We were impressed with their speedy response to our initial email inquiries about price and logistics – it seemed they would live up to the slogan on their website, “we care…” and we got a good vibe about them right from the start. When we arrived in Gozo we went down to the dive shop to arrange our dives and staff were super friendly and helpful. We settled on four dives across two days, and on both days we were given great equipment (Aqua Lung BCDs), our instructors were highly knowledgable about the marine life we saw and their passion for the sport was evident. We never dived in a group bigger than four, which meant we felt cared for and confident should anything have gone wrong while we were under. I also really liked the environmental ethos of Bubbles: every dive is a dive against debris, and if you spot any rubbish you’re encouraged to pick it up or let your instructor know so that they can retrieve it. Having seen first-hand the destruction of the reefs in some parts of Thailand, I love the fact that this company is being proactive about protecting Gozo’s marine life for future generations. There are many good dive schools in Gozo, however, at one of the dive sites we saw a dodgy looking instructor with a ramshackle pick-up truck who didn’t appear to belong to any particular school. He seemed uninterested in safety checks and chain-smoked through his entire brief, not exactly someone you’d want to trust with your life when you’re underwater! We would definitely go back and dive with Bubbles, but do your own research and don’t end up with this cowboy!

How much does it cost?

At Bubbles we paid €30 per shore dive – you get this rate if you do two or more dives, a single dive is €35. This includes all equipment and transport to and from the dive site. They also offer courses and specialist dives, like wreck diving and underwater photography, which range from €90-€185. If you want to get a boat to Camino for some wreck diving then this costs extra. These prices vary depending on the dive school you go with, but they are competitive and should be a good enough guide if you’re trying to stick to a budget.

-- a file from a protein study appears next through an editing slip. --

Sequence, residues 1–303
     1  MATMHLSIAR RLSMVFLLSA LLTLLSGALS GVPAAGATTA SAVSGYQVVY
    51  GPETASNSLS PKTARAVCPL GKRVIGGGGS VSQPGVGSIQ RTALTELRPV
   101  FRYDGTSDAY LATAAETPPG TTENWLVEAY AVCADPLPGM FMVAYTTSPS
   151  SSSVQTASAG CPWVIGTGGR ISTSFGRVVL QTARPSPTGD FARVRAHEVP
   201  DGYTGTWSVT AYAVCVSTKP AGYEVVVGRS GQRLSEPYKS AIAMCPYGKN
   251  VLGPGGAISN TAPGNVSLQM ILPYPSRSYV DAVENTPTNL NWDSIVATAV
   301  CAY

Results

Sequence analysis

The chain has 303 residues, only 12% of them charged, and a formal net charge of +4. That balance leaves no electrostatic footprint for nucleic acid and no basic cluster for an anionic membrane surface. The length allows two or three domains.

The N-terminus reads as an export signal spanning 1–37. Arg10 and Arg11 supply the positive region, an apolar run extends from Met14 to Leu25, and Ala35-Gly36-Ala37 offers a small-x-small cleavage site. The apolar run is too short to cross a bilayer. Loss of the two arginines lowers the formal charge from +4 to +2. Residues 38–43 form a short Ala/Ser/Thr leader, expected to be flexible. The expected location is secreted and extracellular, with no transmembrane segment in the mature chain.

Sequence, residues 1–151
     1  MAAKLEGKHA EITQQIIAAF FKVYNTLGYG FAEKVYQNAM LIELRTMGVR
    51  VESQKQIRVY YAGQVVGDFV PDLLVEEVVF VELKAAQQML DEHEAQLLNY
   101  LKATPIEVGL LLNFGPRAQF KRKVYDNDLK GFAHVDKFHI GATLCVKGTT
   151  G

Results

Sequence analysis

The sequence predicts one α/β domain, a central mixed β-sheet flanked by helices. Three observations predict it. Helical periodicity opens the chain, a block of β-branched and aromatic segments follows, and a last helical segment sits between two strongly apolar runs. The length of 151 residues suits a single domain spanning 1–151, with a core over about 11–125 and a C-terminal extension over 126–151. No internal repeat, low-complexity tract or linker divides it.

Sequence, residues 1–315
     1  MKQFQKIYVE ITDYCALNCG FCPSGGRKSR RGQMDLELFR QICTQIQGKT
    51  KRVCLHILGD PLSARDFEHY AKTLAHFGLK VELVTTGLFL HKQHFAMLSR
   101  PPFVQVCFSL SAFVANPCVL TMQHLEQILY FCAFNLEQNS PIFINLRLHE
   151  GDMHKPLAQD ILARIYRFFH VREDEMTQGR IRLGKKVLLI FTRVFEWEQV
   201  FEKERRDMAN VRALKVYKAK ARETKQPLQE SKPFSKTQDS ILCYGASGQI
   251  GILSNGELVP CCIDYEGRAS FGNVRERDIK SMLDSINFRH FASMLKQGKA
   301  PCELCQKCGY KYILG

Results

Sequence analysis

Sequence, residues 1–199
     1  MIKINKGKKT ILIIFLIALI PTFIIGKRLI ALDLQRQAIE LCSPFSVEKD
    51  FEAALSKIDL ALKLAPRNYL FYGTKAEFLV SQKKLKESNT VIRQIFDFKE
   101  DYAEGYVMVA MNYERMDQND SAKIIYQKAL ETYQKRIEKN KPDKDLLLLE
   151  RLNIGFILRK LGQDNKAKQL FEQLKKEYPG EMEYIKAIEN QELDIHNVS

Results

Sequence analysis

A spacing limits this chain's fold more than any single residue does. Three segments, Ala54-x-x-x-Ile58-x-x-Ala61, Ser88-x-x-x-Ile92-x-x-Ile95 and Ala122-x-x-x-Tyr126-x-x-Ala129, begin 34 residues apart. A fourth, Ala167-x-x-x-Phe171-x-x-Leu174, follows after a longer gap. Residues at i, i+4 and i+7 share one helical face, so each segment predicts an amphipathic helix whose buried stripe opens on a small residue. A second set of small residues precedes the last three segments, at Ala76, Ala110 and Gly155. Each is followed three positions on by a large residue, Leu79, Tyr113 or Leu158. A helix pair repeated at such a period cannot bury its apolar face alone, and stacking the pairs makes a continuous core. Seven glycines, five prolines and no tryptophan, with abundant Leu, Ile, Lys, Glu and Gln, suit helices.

What did we see?

As I said earlier, the marine life wasn’t spectacular, but that’s beside the point. It’s all about the small things: spying a conger eel snuggled in the back of a cave, spotting snails and fireworms hidden in the sea grass, swimming alongside grouper. The underwater landscape here is incredible. To give you a bit more detail, here are the sites we dived over two days:

Mgarr Ix Xini

This was our very first dive, and it’s an easy one, you can climb straight into the water from the steps hanging off the edge of the bay.  We dived along the edge, around huge rocks and crossed over to the other side. It wasn’t the most interesting dive site, but it was the perfect choice considering that it was James’s first ever wetsuit dive and the first time I’d been breathing underwater for a year. The perfect way to ease ourselves into it and get comfortable with all of the equipment.